Tuesday, October 28, 2008

Perfect Duties in Kant

In the Groundwork of the Metaphysics of Morals Kant presents a hard and fast standard for how to determine whether something is a duty. There are duties which apply in all cases, "perfect duties," like for example never lie. Then there are duties which one should follow unswervingly, but one can choose when to apply, "imperfect duties" like cultivating one's talents. The measure of a perfect duty is that when you make it into a universal law, it leads to a conceptual inconsistency, leading you to conclude that you should never do it. The measure of an imperfect duty is that if you make it into a universal it would somehow lead to an empirical inconsistency, in that it violates your natural instincts. I'll explain the empirical inconsistency first, since it's a bit more unclear. We'll use his example, cultivating your talents (4:423). Kant basically says that you couldn't possibly spend your whole life not cultivating your talents since it would violate your natural instincts. It seems like, if you were to try to do this, something deep inside of you would scream that it's wrong or that it's undesirable or substandard for a human or something like that. Though I think Kant has greater confidence in the rationality of our usual moral instincts and he and I probably would disagree on the details of what things are imperfect duties, I nonetheless think this seems like a sound idea. There're certain habits that just seem less admirable or worthy of respect and we should try to do their opposite when we can--like cultivate our talents, help others, share, learn, create, etc.

The one that seems to me most crazy is the perfect duty and the conceptual inconsistency. The example he uses is the lying promise (4:422). If I'm tempted to make a promise I know I can't fulfill (like borrow money I can't pay back) should I make such a promise? Kant says that we have a perfect duty not to make a lying promise because if we were to make it a universal law that all people should always make lying promises, then no one would be able to promise anything because people would know it always to be a lie. We would have a conceptual inconsistency of lie and promise, which shows us that one should never make a lying promise.

The first limitation one should notice, is perfect duties can only be "thou shalt nots." The conceptual inconsistency is the measure of a perfect duty, but it only shows when something should never be done. The next thing is that the conceptual inconsistency doesn't work well for many things that we would assume to be perfect duties, like don't kill for example. If I were to make it a universal maxim that I should kill anyone I don't like, then there would be a lot of people getting killed. But where's the conceptual inconsistency? Also, why do you even need to universalize it to see the inconsistency? Isn't a lying promise already inconsistent? The other thing is that, this rubric of determining what is a perfect duty is based on the seeing the consequences of universalizing a rule. But consequences are uncertain. This is one of the reasons why Kant strays away from consequentialism, why the morality of an act is based on the act itself, not its consequences. Also, the consequences that Kant envisions as the result of universalizing these maxims seem rather superficial and static. If we were to universalize the rule that people should make lying promises whenever it is convenient, then wouldn't people try to find ways to make contracts without having to rely on people's unreliable promises? Sounds something like the world we live in, doesn't it? Don't people already avoid breaking many promises for selfish reasons? Do people keep promises with their friends out of duty, or because they don't like to take advantage of their friends and don't want to lose their friends? Do people avoid violating business contracts out of duty, or because they want to make future contracts with the same people or because they're worried about the legal repercussions of violating a contract? We already know that promises can be unreliable, so we invent techniques and create institutions to force people to keep their promises. The problem is far more often reneging on promises rather than making them falsely to begin with. People are creative and dynamic, and Kant's consequences of universalizing maxim assume people are static and simple.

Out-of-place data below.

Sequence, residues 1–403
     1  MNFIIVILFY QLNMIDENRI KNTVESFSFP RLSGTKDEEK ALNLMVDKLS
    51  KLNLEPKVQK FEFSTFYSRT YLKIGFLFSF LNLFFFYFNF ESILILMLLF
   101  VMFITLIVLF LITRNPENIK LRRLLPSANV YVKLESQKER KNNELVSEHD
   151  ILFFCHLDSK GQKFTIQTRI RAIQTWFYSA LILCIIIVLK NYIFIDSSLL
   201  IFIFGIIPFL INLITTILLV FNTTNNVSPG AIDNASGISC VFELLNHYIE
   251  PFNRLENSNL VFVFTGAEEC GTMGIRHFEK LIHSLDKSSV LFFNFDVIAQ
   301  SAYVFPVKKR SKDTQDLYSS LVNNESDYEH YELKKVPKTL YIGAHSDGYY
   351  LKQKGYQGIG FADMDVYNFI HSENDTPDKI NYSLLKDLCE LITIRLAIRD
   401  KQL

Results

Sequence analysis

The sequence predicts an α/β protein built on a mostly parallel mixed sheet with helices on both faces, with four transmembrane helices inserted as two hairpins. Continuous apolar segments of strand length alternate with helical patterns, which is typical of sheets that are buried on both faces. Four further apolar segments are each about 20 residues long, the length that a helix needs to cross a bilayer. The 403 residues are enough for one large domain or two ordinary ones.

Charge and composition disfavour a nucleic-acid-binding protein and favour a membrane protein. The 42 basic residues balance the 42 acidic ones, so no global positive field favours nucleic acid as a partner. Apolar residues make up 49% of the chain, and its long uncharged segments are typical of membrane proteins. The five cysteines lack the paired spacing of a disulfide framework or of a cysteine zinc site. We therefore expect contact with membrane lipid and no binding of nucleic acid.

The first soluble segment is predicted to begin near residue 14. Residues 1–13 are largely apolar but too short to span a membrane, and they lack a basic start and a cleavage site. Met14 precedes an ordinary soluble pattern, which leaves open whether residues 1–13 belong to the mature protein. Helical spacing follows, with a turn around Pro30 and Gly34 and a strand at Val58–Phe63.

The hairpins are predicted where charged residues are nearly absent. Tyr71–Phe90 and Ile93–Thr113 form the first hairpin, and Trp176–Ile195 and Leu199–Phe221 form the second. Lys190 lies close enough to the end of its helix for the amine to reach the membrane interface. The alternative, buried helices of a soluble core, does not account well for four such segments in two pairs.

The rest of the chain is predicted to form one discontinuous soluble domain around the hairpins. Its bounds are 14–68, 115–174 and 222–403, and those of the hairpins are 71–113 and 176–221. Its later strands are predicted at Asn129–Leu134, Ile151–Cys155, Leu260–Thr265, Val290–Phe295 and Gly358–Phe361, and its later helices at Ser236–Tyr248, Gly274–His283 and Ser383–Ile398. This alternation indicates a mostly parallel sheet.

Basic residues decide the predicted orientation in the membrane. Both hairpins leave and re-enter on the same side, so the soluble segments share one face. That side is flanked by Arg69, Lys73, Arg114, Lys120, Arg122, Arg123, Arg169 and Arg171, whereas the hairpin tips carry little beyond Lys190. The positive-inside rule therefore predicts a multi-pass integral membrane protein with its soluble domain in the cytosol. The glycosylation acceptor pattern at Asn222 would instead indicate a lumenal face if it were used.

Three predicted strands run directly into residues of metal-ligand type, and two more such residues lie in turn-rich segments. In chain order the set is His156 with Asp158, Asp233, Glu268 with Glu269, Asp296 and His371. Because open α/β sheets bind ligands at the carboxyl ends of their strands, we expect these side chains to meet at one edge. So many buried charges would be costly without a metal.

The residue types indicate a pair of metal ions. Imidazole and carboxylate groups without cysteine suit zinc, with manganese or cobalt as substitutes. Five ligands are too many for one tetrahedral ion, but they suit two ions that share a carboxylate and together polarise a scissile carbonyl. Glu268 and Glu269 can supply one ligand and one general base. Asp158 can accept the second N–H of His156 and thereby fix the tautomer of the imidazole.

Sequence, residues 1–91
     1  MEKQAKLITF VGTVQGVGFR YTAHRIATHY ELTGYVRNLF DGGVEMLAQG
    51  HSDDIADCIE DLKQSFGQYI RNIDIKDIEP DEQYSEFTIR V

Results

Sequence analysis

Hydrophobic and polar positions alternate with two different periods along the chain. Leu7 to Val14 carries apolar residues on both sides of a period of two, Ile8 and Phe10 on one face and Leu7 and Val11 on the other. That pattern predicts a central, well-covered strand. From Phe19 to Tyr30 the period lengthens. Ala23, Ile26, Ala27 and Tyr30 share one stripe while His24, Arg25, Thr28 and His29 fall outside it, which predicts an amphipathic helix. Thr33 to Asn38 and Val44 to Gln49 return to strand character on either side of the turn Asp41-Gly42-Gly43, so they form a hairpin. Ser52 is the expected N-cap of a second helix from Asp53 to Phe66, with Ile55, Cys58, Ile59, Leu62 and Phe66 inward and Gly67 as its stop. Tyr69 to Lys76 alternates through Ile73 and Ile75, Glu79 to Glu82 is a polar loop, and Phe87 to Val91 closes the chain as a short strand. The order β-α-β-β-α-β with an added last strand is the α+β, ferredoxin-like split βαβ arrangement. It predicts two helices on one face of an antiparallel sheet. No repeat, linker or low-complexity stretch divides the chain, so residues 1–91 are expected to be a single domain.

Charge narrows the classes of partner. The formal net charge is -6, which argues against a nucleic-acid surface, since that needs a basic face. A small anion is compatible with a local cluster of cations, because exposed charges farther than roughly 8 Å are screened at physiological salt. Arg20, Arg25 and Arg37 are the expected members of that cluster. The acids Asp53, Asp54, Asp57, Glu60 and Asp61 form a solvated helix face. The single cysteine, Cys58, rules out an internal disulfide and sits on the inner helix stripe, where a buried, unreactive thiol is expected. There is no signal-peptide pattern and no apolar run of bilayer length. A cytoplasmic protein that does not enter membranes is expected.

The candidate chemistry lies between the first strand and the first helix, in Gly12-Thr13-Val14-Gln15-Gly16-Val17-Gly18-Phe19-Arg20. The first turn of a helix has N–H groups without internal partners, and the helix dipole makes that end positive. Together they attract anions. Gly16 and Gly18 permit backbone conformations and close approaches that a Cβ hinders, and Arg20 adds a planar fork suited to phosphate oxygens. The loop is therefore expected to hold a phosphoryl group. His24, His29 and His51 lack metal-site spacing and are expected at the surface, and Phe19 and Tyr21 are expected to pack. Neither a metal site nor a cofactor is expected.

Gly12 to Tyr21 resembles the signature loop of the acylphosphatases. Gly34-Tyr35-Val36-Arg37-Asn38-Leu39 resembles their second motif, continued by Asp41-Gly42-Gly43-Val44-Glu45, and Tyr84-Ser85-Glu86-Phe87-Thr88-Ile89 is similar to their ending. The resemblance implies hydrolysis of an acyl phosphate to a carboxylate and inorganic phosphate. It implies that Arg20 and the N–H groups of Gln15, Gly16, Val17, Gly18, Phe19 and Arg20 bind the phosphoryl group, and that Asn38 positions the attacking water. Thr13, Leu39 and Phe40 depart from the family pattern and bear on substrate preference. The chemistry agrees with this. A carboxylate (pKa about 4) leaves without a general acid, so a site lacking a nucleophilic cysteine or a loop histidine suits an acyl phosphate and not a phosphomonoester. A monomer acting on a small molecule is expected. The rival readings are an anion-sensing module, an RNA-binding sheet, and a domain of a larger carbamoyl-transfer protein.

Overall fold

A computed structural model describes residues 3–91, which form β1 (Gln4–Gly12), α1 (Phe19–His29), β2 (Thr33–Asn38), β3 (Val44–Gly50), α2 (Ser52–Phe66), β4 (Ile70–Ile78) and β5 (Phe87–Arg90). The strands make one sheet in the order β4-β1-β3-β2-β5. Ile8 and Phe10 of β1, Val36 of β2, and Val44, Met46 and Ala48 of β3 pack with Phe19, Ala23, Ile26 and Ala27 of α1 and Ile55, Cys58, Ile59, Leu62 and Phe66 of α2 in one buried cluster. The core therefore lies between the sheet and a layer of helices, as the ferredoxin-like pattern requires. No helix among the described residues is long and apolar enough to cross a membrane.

The ground of the perfect duties seems quite flimsy. Maybe one could accept this imperfect duty, and the almost inevitable subjectivity of it, but to think that reason gives us access to universal rules is foolish.

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